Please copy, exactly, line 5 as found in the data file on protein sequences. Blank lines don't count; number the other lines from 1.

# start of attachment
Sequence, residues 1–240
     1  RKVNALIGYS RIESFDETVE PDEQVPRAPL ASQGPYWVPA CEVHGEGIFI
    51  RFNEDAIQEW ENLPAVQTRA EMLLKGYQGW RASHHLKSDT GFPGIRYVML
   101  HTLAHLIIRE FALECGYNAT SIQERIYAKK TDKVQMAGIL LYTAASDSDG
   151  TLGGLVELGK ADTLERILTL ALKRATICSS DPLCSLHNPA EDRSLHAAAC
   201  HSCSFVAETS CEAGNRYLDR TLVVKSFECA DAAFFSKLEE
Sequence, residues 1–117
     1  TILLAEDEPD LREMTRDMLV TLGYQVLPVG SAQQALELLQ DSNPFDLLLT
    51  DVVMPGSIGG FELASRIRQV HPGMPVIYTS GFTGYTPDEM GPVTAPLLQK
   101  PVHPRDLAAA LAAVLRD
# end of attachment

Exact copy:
   151  TLGGLVELGK ADTLERILTL ALKRATICSS DPLCSLHNPA EDRSLHAAAC